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EU sanctions against Russia connected with truce observation — source

October 02, 2014, 20:51 UTC+3 BRUSSELS
The source commented on earlier circulated media reports that claimed the EU could impose new sanctions on Moscow should the city of Mariupol and the Donetsk Airport come under control of the militia
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Ukrainian soldiers

Ukrainian soldiers

© EPA/ROMAN PILIPEY

BRUSSELS, October 2. /TASS/. The issue of the European Union’s further sanctions against Russia is connected not with specific inhabited localities or control zones in embattled eastern Ukraine but with observation of the truce there, an EU source in Brussels told TASS.

The source commented on earlier circulated media reports that claimed the EU could impose additional sanctions on Moscow should the city of Mariupol and the Donetsk Airport come under control of the militia.

Infographics Map of combat actions in Ukraine's east on September 22-28 Map of combat actions in Ukraine's east on September 22-28
Eastern Ukraine's Donetsk was shelled on September 28. Artillery fire hit Kuibyshevsky district of the city. Infographics by TASS
The EU monitors the situation in eastern Ukraine from the viewpoint of whether the truce is observed and whether the political process aimed at settling the conflict is being implemented, the source said.

So, he said, should the truce be violated by pro-Russian forces, should they carry out a large-scale military operation, this could become a pretext for the toughening of sanctions. But the criterion here is the effectiveness of the peace process, he said.

The European External Action Service (EEAS) refused to comment on specific conditions that could lead to toughening or softening of the sanctions regime against the Russian Federation.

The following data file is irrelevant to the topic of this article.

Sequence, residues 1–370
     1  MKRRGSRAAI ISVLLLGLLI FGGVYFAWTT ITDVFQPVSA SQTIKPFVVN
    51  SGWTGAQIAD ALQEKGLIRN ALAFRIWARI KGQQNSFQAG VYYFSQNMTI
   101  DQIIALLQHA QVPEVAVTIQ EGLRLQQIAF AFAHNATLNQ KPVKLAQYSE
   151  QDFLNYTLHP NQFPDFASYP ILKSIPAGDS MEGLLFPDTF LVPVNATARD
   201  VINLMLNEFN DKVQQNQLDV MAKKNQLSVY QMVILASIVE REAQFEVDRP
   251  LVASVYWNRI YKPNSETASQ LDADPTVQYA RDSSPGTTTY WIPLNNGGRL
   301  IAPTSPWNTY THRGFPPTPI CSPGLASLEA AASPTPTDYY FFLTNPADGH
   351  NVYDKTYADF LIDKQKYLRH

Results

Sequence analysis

The EEAS said it is monitoring the situation and will submit its assessments by the end of the month to the EU Council for it to make decisions on preserving or changing the sanctions regime against Russia. The EEAS also noted active cooperation with monitors from the Organization for Security and Cooperation in Europe (OSCE) stationed in the conflict zone.

Dispute on anti-Russian sanctions in the EU

Meanwhile, in line with reports from TASS' diplomatic sources in Brussels, there are still sharp differences among the 28 EU member states on what to do with anti-Russian sanctions. In such conditions, a decision of the EU summit due in Brussels October 22-23 will most likely be needed to change the sanctions regime to any extent.

The positions of supporters of new sanctions have also been weakened by general understanding in Europe that all restrictive measures against Russia have already proven totally ineffective. Although they have done certain harm to the Russian economy, including the ruble-dollar and ruble-euro exchange rate fall, they have not affected Russia’s policy in any way.

Western sanctions and Russia's response

Russia came under Western sanctions, originally visa bans and asset freezes, for incorporation of Crimea in mid-March after a coup in Ukraine in February. Later, Western claims that Russia is taking part in hostilities in southeast Ukraine, which Moscow has repeatedly denied, resulted in more serious, sectoral, restrictions.

In response, Moscow imposed on August 6 a one-year ban on imports of beef, pork, poultry, fish, cheeses, fruit, vegetables and dairy products from Australia, Canada, the EU, the United States and Norway.

The UN says some 3,500 people have been killed and hundreds of thousands have fled Ukraine’s war-torn southeast as a result of clashes between Ukrainian troops and local militias in the Donetsk and Lugansk regions during Kiev’s military operation to regain control over the breakaway territories, which call themselves the Donetsk and Lugansk People’s republics (DPR and LPR).

The European Union and the United States imposed the latest batch of sectoral sanctions on Russia on September 12 despite a deal on a ceasefire, signed in Minsk a week before, between Kiev and the self-proclaimed DPR and LPR in the southeast of Ukraine.

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